There aren’t many Westerners who can claim to know as much about Chinese food as Fuchsia Dunlop. After all, the Briton was the first foreigner to attend the Sichuan Institute of Higher Cuisine, matriculating at a time (the early nineties) when it wasn’t even clear if the regulations permitted it.
By then Dunlop had found her way through a culinary Hogwarts: on her first day at the Institute she and 50 Chinese students were taught how to make ‘fire-exploded kidney’ flowers.
For anyone who likes Chinese food, Dunlop’s autobiography is a great read. Titled Shark’s Fin & Sichuan Pepper: a sweet-sour memoir of eating in China, it describes what it takes to be a Chinese chef.
A graduate of Cambridge University, Dunlop drifted to China to do post-graduate studies but followed her taste buds to her true vocation. Her decision to settle in Chengdu rather than Beijing also turned out to be inspired, since it brought her into contact with Sichuanese cooking – regarded as one of the four great cuisines of China.
One of the first things Dunlop learns is that skill with the knife is far more important in the Chinese kitchen than in Europe. She says there are three basic ways of cutting: vertical slicing (qie), horizontal slicing (pian) and chopping (zhan or kan). However, when the angle and direction of the knife is also considered, the number of terms expands to 15.
One of the legacies of this charming book is its impact on a small restaurant in Chengdu called Yu Family Kitchen. Dunlop gives a glowing description of the eatery and its chef, likening it to El Bulli and Ferran Adria. Chef Yu Bo is a man who takes his food and his ingredients very seriously. But helped by the publicity Dunlop has given him, Yu now welcomes a flood of foodies to his restaurant. Not that it’s easy to get a booking. Yu offers just one sitting a day, and has only six tables. He could have expanded, of course, but says that he feels it might mean sacrificing quality. Besides, Yu likes to be home by nine each night. On a recent trip to Chengdu WiC did get a table, but only after we’d paid a cash deposit in advance (booking is quite tough).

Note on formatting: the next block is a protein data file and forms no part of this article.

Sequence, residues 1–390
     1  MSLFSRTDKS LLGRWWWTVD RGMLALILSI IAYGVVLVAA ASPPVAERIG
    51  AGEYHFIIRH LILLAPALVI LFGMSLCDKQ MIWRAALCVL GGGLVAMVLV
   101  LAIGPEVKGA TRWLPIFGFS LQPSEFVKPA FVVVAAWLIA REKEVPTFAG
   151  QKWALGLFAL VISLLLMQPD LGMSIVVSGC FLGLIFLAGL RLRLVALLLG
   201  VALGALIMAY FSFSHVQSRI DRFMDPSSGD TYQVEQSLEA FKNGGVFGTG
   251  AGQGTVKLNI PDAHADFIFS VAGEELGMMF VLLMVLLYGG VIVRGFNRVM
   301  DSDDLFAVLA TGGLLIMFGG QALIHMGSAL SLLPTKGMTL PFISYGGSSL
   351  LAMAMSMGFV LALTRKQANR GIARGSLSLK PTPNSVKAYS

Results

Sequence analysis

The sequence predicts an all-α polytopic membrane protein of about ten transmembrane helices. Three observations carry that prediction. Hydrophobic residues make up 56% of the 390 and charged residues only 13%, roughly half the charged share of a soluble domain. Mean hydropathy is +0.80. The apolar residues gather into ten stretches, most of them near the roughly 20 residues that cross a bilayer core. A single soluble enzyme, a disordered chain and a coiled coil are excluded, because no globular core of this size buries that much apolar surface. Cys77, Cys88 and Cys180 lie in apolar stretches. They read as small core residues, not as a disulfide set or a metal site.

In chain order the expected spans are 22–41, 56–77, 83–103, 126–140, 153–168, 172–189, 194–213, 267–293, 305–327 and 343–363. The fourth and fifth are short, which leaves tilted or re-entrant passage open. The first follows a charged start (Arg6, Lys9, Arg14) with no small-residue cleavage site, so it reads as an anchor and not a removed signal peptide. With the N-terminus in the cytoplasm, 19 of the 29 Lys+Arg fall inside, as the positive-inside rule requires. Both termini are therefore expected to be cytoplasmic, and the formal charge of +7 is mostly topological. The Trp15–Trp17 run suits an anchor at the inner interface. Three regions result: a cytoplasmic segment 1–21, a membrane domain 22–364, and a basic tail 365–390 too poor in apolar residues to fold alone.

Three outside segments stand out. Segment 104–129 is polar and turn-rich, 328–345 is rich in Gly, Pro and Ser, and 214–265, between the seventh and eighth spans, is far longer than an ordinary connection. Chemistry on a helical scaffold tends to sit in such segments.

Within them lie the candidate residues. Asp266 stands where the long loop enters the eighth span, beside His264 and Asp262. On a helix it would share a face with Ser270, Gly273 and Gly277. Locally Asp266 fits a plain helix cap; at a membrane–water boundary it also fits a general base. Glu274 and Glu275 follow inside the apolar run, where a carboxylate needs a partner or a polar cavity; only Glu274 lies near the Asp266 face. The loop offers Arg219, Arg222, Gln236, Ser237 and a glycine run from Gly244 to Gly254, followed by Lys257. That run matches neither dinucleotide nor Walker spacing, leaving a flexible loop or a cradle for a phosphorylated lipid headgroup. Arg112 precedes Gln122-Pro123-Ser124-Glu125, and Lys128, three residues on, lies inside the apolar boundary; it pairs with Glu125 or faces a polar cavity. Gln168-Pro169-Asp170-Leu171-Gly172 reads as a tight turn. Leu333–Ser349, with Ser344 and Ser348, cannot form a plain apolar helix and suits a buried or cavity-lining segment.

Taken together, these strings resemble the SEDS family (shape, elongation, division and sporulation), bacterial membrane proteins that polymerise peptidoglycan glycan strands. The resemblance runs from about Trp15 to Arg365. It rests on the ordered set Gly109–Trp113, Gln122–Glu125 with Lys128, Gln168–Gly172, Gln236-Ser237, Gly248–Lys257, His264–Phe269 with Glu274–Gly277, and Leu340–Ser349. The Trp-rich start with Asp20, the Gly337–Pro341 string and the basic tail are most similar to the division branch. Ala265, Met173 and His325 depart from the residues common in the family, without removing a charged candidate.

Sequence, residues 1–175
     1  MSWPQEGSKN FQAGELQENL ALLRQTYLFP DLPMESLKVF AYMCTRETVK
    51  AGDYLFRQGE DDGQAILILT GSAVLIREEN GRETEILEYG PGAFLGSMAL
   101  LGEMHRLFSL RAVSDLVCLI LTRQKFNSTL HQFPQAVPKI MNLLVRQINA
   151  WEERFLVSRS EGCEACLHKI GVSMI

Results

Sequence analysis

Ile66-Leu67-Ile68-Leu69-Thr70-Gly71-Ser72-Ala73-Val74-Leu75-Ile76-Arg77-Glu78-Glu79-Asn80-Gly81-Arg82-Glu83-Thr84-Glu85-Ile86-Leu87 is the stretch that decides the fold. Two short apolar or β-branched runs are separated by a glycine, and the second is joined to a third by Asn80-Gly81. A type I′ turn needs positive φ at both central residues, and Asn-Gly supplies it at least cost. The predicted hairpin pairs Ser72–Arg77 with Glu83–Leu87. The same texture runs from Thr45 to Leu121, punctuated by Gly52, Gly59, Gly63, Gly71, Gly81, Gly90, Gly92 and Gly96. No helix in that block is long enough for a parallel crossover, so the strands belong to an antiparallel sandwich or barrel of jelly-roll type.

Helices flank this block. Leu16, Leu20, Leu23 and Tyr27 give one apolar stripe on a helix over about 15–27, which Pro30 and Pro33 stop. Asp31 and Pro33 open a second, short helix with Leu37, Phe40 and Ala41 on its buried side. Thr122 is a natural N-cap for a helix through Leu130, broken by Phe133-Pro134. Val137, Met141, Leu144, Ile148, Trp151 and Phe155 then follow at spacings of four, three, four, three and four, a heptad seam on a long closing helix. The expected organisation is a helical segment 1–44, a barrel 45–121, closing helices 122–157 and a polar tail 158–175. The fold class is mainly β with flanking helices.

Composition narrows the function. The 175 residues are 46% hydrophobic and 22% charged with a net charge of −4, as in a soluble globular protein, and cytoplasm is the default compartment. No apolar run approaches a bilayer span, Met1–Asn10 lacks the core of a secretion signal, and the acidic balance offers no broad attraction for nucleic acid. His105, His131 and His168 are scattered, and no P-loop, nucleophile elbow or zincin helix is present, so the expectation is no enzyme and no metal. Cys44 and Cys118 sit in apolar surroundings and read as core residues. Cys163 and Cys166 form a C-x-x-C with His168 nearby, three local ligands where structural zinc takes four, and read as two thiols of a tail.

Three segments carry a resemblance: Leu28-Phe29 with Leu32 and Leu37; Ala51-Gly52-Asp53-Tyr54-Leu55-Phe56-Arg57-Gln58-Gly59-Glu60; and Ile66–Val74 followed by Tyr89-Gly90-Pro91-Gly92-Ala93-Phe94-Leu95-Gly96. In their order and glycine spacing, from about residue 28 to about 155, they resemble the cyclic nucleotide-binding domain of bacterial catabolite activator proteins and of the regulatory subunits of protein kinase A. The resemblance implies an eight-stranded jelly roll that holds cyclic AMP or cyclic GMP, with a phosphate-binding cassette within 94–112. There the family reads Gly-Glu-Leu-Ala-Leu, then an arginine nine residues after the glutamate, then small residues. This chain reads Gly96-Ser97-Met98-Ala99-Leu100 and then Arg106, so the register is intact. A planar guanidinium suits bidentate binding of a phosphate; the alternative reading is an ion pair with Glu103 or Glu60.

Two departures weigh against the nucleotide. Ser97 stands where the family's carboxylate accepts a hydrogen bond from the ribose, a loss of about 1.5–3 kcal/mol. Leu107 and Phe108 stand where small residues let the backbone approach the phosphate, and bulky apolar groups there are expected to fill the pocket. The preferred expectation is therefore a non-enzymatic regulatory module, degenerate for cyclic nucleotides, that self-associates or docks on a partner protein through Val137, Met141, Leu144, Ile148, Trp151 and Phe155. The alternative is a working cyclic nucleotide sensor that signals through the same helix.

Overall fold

Yu’s set menu includes 31 courses. On arrival, there are 16 cold dishes on the table, arranged in square porcelain dishes and looking – in their variety of colours – like a work of art. They vary from the most creative peanuts you’ve ever sampled to spiced water bamboo. Each dish was delicious (the hassles encountered booking a table faded from memory with each bite).
Then came a succession of hot dishes, ranging from rich chicken soup with spring pea shoots to an elaborate tea-smoked duck – and ending with a dessert that infused apple with Sichuan peppercorn. Each portion is deliberately small and designed to showcase a range of flavours and textures. But the signature dish is especially stunning: edible calligraphy brushes. These are made from fine flaky pastry, concealing a minced beef filling. They are then dipped into an inkdish of sauce.
The restaurant is foreigner-friendly, with the waitresses able to introduce each course in English. The location is pleasant too: a traditional courtyard house in a heritage area of Chengdu (the city’s equivalent to Xintiandi in Shanghai). If you are looking for an excuse to visit the capital of Sichuan province, this is it.
A minimum of four diners is needed for bookings, although a larger group is preferred. The Yu Family Kitchen address is No. 43 Narrow Alley, Kuang Zhai Xiangzi
(青羊区下同仁路窄巷子43号近井巷子). Telephone: +86-28 8669-1975
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